The exercises and poses included on this page are designed to help you first of all feel and control your shoulders. Once you can feel your shoulders, and control them with the arms not bearing weight, you can work at improving control by feeling and controlling your shoulders with the arms bearing some portion of your body weight.
An important aspect of any muscular control endeavour is giving the muscles that you are working on a stable foundation. For shoulder muscles (which includes muscles that stabilize the shoulder blades and collar bones relative to the ribcage and neck) that can mean stabilizing the ribcage and neck. But it can also include stabilizing the elbows and wrists.
If working from the hands up to the shoulders, that can mean stabilizing the wrists and elbows. And so when the hands are bearing body weight, controlling (or stabilizing against) forearm rotation can be an important consideration when working on the shoulders.
An important aspect of developing shoulder control can be that of learning to feel the ribcage as explained in thoracic mobility and also in ribcage mobility. Note, an important aspect of working with the shoulders and arms is learning to stabilize the ribcage. From there you can work on distinguishing movements of the ribcage and the shoulders from each other. This isn't the end goal but rather an intermediate step so that you have control and awareness of both body parts. They can then be used more effectively together.
One way to start a shoulder yoga practice is to start with shoulder awareness exercises, particularly exercises that improve scapular awareness. This generally involves moving, and feeling the shoulder blades (and collar bones) move, relative to the ribcage.
As part of the process of learning to feel the shoulder blades it can be helpful to learn the reference points or landmarks of the shoulder blades as explained in shoulder anatomy, particularly ones that you can feel or palpitate with the other hand.
Muscles that help move, control and stabilize the shoulder blades relative to the ribcage include: serratus anterior, (for more on this you can also read serratus anterior muscle), trapezius muscle, pectoralis minor and the rhomboids.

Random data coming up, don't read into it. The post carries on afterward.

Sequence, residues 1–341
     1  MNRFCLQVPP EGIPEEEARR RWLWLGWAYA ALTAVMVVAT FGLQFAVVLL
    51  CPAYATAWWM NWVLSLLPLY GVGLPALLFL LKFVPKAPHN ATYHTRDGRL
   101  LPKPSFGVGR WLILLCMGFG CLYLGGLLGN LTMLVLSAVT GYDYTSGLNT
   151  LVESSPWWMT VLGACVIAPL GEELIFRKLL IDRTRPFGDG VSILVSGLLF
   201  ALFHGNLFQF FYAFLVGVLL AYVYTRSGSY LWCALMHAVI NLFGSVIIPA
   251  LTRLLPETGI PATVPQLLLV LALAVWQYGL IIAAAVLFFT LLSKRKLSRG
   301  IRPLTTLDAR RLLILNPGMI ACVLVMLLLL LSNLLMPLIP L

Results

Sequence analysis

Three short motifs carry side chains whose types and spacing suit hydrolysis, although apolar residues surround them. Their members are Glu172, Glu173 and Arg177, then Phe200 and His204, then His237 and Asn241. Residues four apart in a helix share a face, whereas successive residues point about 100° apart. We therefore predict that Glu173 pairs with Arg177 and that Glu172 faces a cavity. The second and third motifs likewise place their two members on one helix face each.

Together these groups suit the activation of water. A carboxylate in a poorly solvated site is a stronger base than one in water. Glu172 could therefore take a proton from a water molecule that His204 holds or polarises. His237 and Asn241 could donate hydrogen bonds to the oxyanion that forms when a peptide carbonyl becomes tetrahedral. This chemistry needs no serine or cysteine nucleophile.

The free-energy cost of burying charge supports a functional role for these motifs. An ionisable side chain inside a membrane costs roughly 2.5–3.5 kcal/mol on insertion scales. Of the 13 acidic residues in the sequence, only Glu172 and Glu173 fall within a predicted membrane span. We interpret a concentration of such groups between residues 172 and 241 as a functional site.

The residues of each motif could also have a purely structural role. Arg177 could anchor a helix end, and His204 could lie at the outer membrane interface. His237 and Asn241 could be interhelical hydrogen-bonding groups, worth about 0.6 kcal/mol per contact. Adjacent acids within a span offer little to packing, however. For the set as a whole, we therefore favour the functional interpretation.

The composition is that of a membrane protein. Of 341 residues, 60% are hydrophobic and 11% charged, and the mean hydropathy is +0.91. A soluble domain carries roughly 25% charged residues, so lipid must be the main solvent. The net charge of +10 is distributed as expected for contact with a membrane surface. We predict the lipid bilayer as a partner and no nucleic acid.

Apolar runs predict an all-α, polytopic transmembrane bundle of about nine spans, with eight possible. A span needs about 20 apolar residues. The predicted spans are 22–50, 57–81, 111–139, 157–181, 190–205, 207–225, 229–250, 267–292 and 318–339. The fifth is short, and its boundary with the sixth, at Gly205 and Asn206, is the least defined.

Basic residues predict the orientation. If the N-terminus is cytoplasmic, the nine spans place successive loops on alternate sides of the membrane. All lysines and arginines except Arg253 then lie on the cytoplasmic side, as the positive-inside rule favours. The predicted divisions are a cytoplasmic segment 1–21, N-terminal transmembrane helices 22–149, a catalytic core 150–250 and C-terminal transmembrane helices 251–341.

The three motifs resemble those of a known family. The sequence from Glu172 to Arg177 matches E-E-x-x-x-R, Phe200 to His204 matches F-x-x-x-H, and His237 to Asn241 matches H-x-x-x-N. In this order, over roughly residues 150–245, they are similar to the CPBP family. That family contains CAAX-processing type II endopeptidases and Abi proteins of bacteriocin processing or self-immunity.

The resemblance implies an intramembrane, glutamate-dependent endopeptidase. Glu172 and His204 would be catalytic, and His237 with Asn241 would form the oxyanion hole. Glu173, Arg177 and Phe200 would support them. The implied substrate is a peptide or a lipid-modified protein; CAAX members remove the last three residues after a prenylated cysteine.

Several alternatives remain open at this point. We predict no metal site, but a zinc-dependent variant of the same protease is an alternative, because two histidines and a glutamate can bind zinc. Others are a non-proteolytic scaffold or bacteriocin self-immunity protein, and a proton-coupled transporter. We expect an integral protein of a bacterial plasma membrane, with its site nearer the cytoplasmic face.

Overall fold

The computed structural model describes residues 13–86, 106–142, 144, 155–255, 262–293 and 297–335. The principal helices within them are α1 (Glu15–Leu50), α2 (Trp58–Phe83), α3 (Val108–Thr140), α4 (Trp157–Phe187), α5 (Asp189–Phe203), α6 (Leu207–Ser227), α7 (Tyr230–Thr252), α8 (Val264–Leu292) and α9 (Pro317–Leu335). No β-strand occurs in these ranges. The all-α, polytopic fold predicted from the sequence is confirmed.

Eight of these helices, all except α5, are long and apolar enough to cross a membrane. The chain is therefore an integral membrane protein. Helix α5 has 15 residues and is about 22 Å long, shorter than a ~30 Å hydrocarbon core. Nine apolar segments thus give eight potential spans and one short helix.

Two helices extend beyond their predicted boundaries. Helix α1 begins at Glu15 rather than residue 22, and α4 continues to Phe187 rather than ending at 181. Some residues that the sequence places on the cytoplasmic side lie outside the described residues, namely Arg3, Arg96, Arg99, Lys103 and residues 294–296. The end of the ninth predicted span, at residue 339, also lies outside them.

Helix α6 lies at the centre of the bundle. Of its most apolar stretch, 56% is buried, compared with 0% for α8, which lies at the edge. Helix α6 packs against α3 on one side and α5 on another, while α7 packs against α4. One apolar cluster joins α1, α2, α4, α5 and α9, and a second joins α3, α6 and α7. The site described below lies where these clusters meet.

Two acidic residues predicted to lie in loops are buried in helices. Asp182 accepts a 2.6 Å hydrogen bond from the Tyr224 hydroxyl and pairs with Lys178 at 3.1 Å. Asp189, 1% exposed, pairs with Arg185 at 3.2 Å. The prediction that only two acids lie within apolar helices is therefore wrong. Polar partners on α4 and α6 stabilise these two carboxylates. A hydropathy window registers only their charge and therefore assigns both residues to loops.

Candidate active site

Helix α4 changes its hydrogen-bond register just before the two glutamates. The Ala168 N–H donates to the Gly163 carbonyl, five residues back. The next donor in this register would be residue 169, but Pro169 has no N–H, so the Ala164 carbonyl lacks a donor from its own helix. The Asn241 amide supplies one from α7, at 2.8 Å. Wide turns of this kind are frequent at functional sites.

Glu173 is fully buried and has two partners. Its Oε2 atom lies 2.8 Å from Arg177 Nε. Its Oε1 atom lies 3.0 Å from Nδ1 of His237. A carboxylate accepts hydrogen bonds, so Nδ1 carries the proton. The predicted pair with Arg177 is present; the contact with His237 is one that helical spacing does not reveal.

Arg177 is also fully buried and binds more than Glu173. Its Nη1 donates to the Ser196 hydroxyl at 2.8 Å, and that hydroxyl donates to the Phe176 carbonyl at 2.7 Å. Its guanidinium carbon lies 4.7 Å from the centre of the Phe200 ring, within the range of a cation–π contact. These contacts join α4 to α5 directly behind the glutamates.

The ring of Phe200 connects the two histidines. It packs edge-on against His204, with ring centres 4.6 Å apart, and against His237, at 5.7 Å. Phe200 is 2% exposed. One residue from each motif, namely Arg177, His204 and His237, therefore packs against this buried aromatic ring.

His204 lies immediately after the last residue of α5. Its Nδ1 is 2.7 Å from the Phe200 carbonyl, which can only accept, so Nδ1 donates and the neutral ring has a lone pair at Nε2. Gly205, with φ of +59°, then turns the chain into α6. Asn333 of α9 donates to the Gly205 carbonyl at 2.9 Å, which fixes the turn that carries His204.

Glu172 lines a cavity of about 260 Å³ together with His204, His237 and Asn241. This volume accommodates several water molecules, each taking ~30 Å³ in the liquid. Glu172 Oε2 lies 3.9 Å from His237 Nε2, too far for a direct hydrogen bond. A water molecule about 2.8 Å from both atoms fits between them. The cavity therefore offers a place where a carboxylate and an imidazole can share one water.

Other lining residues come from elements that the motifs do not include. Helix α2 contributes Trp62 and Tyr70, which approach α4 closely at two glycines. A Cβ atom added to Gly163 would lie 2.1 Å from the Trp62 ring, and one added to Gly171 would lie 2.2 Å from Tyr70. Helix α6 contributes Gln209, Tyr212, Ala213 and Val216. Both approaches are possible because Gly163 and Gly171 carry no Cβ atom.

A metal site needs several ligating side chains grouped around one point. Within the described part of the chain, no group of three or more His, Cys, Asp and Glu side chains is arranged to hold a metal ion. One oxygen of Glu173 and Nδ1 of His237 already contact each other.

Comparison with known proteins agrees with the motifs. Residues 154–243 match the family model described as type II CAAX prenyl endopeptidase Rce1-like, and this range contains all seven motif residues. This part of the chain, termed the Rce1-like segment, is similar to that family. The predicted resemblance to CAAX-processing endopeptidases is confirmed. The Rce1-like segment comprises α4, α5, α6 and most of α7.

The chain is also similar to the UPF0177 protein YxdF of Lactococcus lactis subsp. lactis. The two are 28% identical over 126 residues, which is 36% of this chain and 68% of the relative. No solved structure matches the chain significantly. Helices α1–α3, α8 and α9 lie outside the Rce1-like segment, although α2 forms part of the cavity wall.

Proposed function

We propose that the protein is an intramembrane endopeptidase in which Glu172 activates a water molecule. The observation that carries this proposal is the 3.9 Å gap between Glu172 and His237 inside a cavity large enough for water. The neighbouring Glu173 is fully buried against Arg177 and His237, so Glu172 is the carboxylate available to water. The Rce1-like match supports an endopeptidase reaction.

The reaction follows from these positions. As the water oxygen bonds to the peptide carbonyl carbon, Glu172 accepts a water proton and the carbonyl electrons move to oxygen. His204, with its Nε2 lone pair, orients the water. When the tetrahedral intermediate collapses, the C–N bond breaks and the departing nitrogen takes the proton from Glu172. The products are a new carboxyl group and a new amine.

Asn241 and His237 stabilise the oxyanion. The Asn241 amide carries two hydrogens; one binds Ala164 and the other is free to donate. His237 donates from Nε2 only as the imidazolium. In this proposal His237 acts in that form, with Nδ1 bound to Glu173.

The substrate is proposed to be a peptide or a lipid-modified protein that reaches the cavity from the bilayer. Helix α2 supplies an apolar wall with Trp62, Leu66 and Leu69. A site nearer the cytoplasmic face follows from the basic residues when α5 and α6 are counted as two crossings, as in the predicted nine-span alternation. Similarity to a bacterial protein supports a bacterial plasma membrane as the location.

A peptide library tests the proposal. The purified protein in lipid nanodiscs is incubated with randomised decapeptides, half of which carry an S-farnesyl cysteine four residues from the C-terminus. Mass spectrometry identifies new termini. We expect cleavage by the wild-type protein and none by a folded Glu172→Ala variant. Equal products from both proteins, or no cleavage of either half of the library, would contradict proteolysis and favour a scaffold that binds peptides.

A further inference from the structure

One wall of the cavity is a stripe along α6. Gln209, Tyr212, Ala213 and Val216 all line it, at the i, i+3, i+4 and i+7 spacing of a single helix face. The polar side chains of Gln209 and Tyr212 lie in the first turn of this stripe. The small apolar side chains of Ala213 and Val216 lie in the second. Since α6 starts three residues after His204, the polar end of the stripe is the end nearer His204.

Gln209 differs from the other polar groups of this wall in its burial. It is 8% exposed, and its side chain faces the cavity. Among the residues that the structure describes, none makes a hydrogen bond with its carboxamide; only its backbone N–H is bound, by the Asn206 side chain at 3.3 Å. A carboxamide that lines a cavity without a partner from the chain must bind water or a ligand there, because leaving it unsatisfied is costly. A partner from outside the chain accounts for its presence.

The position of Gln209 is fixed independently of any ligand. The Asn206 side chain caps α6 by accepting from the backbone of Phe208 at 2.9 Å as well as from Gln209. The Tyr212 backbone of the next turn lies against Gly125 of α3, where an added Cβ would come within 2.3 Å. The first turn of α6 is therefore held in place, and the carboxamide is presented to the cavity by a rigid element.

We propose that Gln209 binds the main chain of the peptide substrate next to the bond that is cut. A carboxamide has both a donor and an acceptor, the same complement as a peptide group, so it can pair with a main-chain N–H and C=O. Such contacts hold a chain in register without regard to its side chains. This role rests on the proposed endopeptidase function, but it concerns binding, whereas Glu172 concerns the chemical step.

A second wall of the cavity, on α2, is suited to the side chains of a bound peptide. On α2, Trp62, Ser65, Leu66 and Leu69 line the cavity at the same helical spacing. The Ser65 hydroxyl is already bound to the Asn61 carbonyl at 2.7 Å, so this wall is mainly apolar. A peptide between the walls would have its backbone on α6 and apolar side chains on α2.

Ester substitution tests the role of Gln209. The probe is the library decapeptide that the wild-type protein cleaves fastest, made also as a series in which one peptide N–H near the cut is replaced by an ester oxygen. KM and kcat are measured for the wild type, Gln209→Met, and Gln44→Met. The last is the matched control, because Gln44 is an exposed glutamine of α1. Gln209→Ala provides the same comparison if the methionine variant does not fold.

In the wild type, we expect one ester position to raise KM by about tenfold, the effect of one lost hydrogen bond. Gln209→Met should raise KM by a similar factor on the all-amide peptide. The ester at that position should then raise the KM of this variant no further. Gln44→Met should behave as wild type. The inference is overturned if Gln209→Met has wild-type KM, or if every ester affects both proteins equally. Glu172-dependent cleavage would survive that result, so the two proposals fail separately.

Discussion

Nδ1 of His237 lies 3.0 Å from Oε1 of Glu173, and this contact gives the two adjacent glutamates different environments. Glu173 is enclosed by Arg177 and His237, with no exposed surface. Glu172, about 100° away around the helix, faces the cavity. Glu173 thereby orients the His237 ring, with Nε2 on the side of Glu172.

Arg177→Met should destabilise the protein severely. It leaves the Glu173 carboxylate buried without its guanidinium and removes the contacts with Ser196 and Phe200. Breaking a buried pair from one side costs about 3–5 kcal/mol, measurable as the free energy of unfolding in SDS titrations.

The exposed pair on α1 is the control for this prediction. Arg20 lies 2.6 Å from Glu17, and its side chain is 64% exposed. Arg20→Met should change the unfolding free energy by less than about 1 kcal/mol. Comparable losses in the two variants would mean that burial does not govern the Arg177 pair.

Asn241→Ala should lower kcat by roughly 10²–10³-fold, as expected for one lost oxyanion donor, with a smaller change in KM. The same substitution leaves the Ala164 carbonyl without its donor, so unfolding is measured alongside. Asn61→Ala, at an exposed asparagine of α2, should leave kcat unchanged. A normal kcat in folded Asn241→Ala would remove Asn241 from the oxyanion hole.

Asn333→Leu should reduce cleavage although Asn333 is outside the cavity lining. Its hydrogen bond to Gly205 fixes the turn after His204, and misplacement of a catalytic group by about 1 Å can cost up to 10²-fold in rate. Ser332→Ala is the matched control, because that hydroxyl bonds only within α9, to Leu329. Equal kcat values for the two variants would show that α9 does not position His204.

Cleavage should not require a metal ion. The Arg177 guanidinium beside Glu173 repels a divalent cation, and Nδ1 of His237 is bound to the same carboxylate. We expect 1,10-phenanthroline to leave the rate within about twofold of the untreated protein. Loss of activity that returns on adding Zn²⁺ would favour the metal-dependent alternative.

Shoulder blade awareness exercises can start with fairly relaxed movements of the shoulder blades without the arms bearing weight and then move towards shoulder yoga poses where the arms are bearing weight. For more on scapular stability in poses where arms are bearing weight read scapular stabilization.
As well as practicing scapular control within yoga poses, another way to practice scapular awareness is in the context of dance of shiva movements. You can read more about how to do that in Practice scapular control with dance of shiva.
Whether or not the arms are bearing weight, the more you learn about your shoulders the more important elbow stability and control becomes. While stiffening against bending or straightening can be important, I'd suggest that even more important (in part simply because of lack of awareness of this possibility) is stabilizing and controlling elbow rotation, both when the arms are straight and when they are bent. For more on the anatomy of forearm rotation (which could be thought of as "elbow rotation") you can read Elbow joint anatomy for yoga teachers and arm-stability.
When improving shoulder awareness, an important idea is that in order to control movement of your shoulders you have to be able feel them move. And so a simple way to improve awareness is to practice moving the part you are learning to be aware of in relative isolation. And towards that end it can help to have a basic understanding of what movements the shoulders are capable of. One such movement is movement of the shoulder relative to the ribcage. That's talked about a bit more in shoulder anatomy 2. Another movement is rotation of the upper arm bone, the humerus, with respect to the shoulder blade. The anatomy is covered in rotator cuff anatomy.